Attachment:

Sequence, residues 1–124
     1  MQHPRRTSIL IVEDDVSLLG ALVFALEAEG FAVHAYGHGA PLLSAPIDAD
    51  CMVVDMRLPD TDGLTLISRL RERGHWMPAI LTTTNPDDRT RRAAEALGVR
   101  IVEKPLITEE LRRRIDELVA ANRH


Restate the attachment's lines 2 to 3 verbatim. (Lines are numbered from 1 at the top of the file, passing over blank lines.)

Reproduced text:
     1  MQHPRRTSIL IVEDDVSLLG ALVFALEAEG FAVHAYGHGA PLLSAPIDAD
    51  CMVVDMRLPD TDGLTLISRL RERGHWMPAI LTTTNPDDRT RRAAEALGVR